I now this might sound a little simplistic overclaim (possibly even pathetic), but perhaps some of my happiest times have been over a Gujarati Thaali.
Yes, its true. I have had the pleasure of eating some of the most amazing Gujarati Thaalis in India and enjoyed each one of them, and the food coma that follows – where if you are lucky you can just crash and spend this blissfully in a siesta crashing at home. The entire experience is simply to die for… I know I am exaggerating, but its an absolutely lovely package.
We have a lot of Gujarati friends, but didn’t really socialize much with them to the extent of visiting their home much, only for Khari and addu wala chai which was still an amazing experience. We did have to stay once at a Gujarati household down south and it was one lovely experience. Each meal needed to involve various different foods, tastes and sensations – which didn’t necessarily meant you had to do a lot of new food preparations. For breakfast there was poha, but along with this there was some dahi, some khakras, chutnies, and food that was to be used later in lunch as well like Dhoklas, khandvis, fafdas etc. Your tongue would love the sensation and feel and each taste bud would come alive as it ate everything from sweet, spicy, tangy, somewhat bitter, aromatic, salty, sour in soft, spongy, fluffy to crisp, flaky to chewy, grainy – and every possible combination of these – all in one sitting!!
They’d manage to do this even with a simple offering of rotis with dal and rice = as the accompaniments and condiments would help bring in these assorted flavours and experiences – I think the pomp of the Panjabis have been overglamourised to represent India, while the gujarati thaali does it amazingly and in a quite affair.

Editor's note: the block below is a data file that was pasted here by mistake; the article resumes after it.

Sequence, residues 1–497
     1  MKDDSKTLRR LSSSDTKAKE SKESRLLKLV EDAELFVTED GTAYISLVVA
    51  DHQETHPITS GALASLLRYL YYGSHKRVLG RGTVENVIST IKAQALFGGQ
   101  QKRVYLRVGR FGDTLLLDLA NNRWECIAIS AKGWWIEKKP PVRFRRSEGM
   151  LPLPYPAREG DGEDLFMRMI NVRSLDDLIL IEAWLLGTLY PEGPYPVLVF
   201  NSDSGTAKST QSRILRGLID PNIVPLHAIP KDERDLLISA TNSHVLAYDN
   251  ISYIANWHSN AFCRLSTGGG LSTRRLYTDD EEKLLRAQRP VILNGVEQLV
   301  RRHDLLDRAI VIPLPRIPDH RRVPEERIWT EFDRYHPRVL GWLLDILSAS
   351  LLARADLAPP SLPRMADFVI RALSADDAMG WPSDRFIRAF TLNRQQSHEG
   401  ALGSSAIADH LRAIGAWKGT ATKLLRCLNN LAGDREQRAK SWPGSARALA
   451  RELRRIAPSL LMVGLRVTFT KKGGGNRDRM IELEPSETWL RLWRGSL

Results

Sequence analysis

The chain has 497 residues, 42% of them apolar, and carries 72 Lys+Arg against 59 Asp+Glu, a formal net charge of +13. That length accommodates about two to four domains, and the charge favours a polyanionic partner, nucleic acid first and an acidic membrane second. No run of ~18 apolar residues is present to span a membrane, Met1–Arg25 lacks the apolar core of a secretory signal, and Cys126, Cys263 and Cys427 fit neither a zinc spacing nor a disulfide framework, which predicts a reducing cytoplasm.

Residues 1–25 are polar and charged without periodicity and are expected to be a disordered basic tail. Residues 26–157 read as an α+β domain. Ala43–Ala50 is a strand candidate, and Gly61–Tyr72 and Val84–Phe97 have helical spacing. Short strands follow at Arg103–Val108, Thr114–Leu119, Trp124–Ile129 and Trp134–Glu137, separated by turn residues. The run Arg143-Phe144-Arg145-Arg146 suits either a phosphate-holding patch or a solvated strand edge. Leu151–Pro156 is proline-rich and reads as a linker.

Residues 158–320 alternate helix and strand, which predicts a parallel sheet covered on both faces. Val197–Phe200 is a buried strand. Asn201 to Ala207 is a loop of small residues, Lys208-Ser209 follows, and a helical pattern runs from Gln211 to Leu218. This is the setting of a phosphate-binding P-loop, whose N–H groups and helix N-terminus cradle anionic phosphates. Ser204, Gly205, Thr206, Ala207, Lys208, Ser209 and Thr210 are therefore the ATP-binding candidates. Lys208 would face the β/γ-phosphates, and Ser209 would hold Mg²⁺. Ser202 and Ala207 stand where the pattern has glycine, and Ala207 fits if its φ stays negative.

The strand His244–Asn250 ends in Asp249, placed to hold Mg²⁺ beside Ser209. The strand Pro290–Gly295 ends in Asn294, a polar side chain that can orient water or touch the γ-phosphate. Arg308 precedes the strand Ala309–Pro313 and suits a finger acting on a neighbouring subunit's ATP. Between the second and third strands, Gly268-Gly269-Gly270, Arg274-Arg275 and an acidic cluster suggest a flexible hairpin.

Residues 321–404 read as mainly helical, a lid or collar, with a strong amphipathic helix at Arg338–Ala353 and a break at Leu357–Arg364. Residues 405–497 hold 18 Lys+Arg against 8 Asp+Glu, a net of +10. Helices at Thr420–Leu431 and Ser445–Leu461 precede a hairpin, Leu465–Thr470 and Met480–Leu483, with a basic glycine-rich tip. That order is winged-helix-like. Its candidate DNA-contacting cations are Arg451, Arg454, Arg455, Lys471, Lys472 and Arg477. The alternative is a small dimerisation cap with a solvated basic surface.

I had taken Gujarati food for granted and had never registered the commonality of the great experiences each meal had provided me.
One of the best known secrets about food in India is of course that the best food is home made food. Another one is that the best food for any particular state is not available in the restaurants of that state but another one. So for e.g. the best Andhra food restaurants are not in Andhra but in Bangalore, the best Malayali restaurants especially for vegetarians is available in… Dubai, and by the same token the best Gujarati Thaalis are available in Maharashtra (at least in my limited experience).
My parents, family and I had travelled across Maharashtra’s various regions including Kolhapur,Shirdi, Sholapur, Marathwada, Konkan, Pune etc. and we never realized it, but there would be at least one Gujarati thaali restaurant that would serve such simple yet amazing food that we simply crashed in the car for the rest of the afternoon (hoping the driver didn’t have those extra helpings that induced the coma in us). I haven’t been to Gujarat but I am sure there are great restaurants.
I forgot to add, the attraction for me is that Gujarati Thaalis are almost always – yes nearly everyone I have been to has been vegetarian, so it works great for me.